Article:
Why Ukraine must get EU candidate status now – Lessons from Enlarge­ment Research

Foto: EST&OST /​​ Imago Images

EU research has shown that a credible member­ship perspec­tive is an effective means of anchoring liberal democracy from the outside. That is why Ukraine must now be granted candidate status.

With his war of aggres­sion against Ukraine, Putin has not only destroyed the European security and peace order; he has also attacked the liberal world order based on the sovereign equality of states, their terri­to­rial integrity, and the peaceful reso­lu­tion of conflicts between them. Research on enlarge­ment offers important lessons on what the European Union (EU) can do to restore and strengthen the European liberal order, with reper­cus­sions for global affairs: The EU must now credibly commit to member­ship for Ukraine (as well as Moldova and Georgia) by granting candidate status. At the same time, the accession process of the Western Balkans must be unblocked, since it under­mines the EU’s cred­i­bility of commitments.

40 years of research on EU enlarge­ment (from Spain, Portugal, and Greece in the 1980s to Eastern enlarge­ment in the 2000s) has found that EU member­ship is a necessary condition to ensure that nation­alism and liber­alism go together (it is not suffi­cient, as the illiberal backlash in Poland and Hungary shows). President Zelensky has success­fully constructed Ukraine’s struggle for survival around nation­alism and liber­alism. However, there is no natural alliance between aspi­ra­tions for national self-deter­mi­na­tion and indi­vidual freedom. Many countries which cast off the yoke of foreign rule in the name of liberal democracy ulti­mately turned author­i­tarian, as many examples from post-Soviet states have demon­strated. Here is where the EU comes in.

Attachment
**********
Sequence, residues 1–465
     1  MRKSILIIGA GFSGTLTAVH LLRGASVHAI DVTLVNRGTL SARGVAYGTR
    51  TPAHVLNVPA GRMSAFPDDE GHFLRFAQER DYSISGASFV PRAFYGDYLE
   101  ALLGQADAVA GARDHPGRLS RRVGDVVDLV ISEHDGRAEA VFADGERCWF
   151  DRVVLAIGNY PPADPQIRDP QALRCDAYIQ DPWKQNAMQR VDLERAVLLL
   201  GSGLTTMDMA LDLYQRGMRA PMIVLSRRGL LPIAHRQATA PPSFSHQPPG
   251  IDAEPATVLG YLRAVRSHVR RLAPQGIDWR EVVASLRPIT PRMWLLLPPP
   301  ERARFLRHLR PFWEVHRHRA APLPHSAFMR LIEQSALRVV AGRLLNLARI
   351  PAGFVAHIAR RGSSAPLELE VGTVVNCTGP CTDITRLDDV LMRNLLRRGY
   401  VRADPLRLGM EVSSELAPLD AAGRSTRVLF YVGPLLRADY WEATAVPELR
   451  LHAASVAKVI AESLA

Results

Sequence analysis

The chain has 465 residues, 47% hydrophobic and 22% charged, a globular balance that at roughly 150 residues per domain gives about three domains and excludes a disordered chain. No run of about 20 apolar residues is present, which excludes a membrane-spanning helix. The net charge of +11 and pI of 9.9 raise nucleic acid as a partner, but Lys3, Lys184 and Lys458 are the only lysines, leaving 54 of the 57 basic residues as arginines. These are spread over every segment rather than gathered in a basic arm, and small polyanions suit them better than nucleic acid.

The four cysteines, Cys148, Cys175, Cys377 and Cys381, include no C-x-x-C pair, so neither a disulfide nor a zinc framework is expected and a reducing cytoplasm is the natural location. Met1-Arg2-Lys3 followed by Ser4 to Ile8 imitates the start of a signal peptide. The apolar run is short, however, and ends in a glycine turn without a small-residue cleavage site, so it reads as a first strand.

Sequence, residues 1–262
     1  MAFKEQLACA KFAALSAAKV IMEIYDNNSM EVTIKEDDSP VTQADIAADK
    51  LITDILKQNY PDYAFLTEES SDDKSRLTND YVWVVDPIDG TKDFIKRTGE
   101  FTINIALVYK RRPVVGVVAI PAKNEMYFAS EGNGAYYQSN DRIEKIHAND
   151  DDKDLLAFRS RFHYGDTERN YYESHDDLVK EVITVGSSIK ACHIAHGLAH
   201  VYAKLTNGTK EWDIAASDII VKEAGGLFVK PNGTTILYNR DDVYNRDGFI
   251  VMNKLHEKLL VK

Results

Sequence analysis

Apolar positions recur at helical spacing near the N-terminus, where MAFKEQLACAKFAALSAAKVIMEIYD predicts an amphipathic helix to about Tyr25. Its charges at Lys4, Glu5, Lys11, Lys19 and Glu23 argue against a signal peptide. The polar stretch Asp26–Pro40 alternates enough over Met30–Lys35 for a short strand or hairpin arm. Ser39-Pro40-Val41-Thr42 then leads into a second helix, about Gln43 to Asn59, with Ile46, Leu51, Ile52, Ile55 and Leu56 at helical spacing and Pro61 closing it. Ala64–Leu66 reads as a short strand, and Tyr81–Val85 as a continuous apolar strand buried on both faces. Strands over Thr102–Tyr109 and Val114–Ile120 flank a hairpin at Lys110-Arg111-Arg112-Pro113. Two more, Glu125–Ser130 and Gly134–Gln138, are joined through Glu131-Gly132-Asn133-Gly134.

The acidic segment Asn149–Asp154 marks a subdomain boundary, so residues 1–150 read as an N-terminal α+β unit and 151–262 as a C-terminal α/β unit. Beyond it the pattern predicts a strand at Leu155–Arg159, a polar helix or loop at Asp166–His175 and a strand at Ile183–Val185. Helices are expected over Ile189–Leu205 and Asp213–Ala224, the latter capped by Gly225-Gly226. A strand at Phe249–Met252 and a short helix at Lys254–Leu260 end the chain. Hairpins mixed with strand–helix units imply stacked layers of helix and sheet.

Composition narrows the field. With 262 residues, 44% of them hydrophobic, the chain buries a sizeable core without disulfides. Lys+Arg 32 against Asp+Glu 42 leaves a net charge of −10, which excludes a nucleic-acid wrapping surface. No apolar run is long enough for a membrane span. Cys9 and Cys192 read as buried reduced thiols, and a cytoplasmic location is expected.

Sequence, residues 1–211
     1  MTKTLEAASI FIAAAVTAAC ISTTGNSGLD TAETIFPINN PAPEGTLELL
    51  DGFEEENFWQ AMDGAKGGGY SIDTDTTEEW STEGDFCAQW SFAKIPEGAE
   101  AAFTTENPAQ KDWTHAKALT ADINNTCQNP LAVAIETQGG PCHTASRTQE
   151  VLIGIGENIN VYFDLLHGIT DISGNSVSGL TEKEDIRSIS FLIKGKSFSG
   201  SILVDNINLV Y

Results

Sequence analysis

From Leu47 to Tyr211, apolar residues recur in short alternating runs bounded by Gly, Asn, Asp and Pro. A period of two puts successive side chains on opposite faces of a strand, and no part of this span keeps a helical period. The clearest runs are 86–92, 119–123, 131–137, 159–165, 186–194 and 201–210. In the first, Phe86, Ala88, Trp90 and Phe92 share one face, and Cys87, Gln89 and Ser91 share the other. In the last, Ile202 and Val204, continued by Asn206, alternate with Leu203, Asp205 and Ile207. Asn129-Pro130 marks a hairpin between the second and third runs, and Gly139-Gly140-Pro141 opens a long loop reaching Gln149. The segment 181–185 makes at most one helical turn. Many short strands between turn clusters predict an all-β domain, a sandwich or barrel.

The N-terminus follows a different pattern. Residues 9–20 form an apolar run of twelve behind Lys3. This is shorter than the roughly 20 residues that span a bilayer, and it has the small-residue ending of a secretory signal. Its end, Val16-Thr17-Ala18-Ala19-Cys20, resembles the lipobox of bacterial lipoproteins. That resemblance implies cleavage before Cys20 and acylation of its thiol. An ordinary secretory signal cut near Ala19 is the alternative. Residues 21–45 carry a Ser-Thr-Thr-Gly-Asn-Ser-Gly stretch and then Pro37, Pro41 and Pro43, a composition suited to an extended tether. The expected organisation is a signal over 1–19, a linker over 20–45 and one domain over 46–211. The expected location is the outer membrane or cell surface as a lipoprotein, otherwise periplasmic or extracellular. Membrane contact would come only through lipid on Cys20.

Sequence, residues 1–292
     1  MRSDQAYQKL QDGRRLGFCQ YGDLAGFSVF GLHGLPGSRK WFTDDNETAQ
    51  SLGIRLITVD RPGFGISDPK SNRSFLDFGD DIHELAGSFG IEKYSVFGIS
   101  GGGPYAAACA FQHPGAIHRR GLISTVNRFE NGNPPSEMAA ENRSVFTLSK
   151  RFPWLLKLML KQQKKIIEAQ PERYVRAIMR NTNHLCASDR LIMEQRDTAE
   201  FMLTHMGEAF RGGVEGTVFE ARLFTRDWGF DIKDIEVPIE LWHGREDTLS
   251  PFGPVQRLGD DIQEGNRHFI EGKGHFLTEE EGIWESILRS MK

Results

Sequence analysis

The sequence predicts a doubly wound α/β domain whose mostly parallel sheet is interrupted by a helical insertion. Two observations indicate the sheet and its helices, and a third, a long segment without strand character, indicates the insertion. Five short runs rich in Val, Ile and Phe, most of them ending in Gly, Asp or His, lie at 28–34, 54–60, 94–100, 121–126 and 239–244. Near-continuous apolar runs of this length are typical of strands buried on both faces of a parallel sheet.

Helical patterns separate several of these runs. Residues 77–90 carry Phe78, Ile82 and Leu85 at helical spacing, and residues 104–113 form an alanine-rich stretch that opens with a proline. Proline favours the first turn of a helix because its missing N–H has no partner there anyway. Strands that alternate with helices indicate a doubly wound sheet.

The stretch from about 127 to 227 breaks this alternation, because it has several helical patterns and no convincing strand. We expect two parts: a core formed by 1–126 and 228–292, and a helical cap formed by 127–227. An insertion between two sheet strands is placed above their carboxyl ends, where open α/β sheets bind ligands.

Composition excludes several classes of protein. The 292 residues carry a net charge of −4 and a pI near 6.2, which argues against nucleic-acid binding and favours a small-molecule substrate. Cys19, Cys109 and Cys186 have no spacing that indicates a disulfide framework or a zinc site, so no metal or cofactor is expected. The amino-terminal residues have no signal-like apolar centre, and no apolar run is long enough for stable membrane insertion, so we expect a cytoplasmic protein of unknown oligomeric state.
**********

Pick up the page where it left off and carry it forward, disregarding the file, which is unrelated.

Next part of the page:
EU research has shown that a credible member­ship perspec­tive offered by a security community of democ­ra­cies is an effective way to firmly anchor liberal democracy from the outside. Accession condi­tion­ality empowers liberal reform coali­tions vis-à-vis conser­v­a­tive nation­al­ists and author­i­tarian populists. It also provides strong incen­tives for rent-seeking govern­ments to deliver costly democracy and good gover­nance reforms. This is the success story of the EU’s southern enlarge­ment in the 1980s, as well as its eastern enlarge­ment in the 2000s. The blocked accession of the Western Balkans further corrob­o­rates the impor­tance of a credible member­ship perspec­tive. Pro-Russian forces and rent-seeking govern­ments are strength­ened where the EU fails to follow up on its commit­ment to membership.

These findings have several impli­ca­tions for the current debate on the candidate status for Ukraine, Moldova, and Georgia. First, rather than using the Western Balkans as an argument against, the EU should restore its cred­i­bility by unblocking accession nego­ti­a­tions with Montenegro and opening them with Northern Macedonia and Albania.

Second, granting candidate status will empower pro-liberal reform coali­tions in Russia’s neigh­bouring countries against Putin’s attempt to foster author­i­tarian nation­alism. A credible member­ship perspec­tive, democracy promotion, and geopol­i­tics go together in this case.